Search consultants must produce goods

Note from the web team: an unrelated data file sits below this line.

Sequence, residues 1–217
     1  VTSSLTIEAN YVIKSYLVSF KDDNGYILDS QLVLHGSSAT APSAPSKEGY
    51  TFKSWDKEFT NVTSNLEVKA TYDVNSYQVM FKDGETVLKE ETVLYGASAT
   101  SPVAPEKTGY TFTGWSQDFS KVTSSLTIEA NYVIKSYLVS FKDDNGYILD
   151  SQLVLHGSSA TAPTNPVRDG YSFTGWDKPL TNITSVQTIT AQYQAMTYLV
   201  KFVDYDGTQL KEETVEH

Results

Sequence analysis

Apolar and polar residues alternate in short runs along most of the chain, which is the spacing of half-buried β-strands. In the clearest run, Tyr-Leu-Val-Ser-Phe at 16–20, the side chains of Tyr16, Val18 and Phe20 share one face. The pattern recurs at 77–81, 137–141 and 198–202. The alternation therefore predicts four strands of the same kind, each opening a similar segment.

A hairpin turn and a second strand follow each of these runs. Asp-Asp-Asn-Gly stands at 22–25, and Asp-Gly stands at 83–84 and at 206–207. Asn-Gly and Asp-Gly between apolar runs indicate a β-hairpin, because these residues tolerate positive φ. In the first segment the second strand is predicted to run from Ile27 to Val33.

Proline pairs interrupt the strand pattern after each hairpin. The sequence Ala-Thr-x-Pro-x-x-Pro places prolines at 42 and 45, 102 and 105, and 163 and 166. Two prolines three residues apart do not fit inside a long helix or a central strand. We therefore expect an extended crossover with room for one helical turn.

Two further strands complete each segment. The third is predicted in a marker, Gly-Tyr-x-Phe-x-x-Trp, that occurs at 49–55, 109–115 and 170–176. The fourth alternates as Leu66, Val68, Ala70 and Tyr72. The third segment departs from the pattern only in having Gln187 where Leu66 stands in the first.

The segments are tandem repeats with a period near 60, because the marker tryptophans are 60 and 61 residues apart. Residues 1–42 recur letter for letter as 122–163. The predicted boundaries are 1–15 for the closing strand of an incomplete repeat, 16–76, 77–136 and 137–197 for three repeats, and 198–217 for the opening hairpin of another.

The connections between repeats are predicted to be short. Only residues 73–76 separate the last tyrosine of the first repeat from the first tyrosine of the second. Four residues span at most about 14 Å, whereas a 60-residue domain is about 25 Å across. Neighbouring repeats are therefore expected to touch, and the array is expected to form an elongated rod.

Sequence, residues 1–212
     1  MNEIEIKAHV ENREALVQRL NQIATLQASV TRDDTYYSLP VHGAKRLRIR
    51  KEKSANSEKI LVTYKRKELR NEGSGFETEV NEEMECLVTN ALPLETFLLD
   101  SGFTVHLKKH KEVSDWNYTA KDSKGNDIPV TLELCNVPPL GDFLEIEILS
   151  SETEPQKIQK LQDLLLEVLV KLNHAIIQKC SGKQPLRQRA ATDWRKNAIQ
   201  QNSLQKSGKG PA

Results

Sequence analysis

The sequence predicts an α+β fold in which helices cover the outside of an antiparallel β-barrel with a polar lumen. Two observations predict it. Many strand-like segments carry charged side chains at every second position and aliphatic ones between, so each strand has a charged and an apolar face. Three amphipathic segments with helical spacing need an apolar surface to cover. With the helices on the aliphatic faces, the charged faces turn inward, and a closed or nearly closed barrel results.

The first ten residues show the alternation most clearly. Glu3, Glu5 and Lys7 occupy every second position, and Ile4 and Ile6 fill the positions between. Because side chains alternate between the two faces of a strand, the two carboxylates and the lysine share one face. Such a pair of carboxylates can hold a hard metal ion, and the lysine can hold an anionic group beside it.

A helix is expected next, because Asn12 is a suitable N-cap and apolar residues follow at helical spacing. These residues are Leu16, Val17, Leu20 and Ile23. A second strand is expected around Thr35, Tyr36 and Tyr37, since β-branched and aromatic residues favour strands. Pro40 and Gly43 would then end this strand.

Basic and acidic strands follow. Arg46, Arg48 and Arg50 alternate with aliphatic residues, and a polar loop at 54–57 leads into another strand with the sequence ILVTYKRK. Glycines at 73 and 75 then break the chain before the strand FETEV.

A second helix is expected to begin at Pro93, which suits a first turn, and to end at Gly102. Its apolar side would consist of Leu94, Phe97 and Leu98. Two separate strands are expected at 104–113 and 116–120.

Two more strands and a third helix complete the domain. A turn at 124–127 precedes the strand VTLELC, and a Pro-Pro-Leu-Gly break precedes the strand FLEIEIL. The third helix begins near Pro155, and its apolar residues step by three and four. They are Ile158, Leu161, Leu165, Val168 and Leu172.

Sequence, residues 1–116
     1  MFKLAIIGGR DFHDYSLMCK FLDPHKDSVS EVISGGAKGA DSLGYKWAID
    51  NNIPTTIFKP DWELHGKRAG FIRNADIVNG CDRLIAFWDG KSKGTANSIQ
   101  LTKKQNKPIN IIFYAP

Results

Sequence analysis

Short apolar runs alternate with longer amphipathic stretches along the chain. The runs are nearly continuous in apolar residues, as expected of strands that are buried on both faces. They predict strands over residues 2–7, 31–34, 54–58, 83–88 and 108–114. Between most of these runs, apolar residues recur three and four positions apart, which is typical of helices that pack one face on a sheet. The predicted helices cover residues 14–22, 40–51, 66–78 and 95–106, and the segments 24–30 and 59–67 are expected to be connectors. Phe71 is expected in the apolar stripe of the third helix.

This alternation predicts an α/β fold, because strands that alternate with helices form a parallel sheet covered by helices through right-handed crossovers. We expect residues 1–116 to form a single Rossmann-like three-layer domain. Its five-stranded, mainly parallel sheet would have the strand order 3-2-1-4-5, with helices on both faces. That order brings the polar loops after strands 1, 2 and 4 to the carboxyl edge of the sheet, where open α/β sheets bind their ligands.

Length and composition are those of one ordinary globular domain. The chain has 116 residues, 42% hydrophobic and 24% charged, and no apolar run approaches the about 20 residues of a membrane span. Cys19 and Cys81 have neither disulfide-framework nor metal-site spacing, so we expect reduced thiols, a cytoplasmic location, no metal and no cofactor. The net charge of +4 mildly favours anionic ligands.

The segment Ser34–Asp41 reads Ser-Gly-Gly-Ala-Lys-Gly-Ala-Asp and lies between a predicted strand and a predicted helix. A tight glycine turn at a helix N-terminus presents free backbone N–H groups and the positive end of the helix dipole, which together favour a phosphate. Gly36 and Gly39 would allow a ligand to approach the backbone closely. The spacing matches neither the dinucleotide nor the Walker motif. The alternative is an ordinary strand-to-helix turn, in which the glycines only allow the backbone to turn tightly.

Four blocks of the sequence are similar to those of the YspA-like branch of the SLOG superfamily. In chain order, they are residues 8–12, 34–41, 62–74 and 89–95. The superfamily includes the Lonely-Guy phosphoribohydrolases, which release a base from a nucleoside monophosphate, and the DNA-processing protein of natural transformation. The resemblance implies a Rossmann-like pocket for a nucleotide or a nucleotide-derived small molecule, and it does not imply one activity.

first_imgRelated posts:No related photos. Search consultants must produce goodsOn 18 Nov 2003 in Personnel Today Previous Article Next Article Comments are closed. As organisations struggle to secure the services of the best candidates fromthe marketplace, there is a need for search consultants to produce key playerswho match the pre-agreed specification, with the right attitude and requiredlevels of proactivity. Search assignment failure generates a strain on fragile corporate andpersonal relationships. Many key players are reluctant to move from one organisation to another intimes of market turbulence, even though many companies are experiencing growth.However, at such times, the introduction of new blood will assist with growthand add substantial shareholder value. It is at times like these that executive search consultants can greatlyassist strategic growth, but they need to have a close working relationshipwith the corporate client, and an intimate understanding of the needs of theorganisation and the human chemistry involved. Client and executive searchconsultant need to work hand-in-hand. Yet, as the end of 2003 approaches, thereseems to be a disconnection between them, even though more emphasis is placedupon supply chain management, preferred supplier routes and seamless serviceprovision within FTSE organisations. I suppose if supply chain management techniques involving regular appraisaland review are implemented, there is a greater chance of a successful outcome.But this cannot be a foregone conclusion, even where a 360-degree approach isused. In many cases, lip service is paid to the well-worn statement:”Successful search is a matter of strong personal relationships, achievingor exceeding pre-agreed targets, producing the right candidates, and managingthe process pre- and post- commencement”. Yet, failure to produce suitablecandidates still occurs, and consultants and agencies can often producemediocrity or a shortlist that bears little resemblance to the originalcriteria. To be successful, there needs to be close attention to detail and a specificbrief that fully covers the tangible and non-tangible aspects of the role andthe organisation. A robust process needs to be applied and re-iterated atregular intervals, and finally, total commitment must be given to full andregular communication between the client, the consultant and the candidates. So why do failures occur with such a well-scripted brief? Incomes for manysearch firms have been and are still reducing, although the first shoots of newgrowth are appearing. Major search companies are ‘down manning’. Boutiques arespringing up and, more dangerously, agencies are re-inventing themselves assearch consultants. Maybe it is because both clients and search companies need to go back tobasics and ask: who do I want to work with? Why do I want to work with them?What can we mutually achieve from the relationship that will add value to bothparties? By Stephen Hall, Group HR director, Costain Grouplast_img read more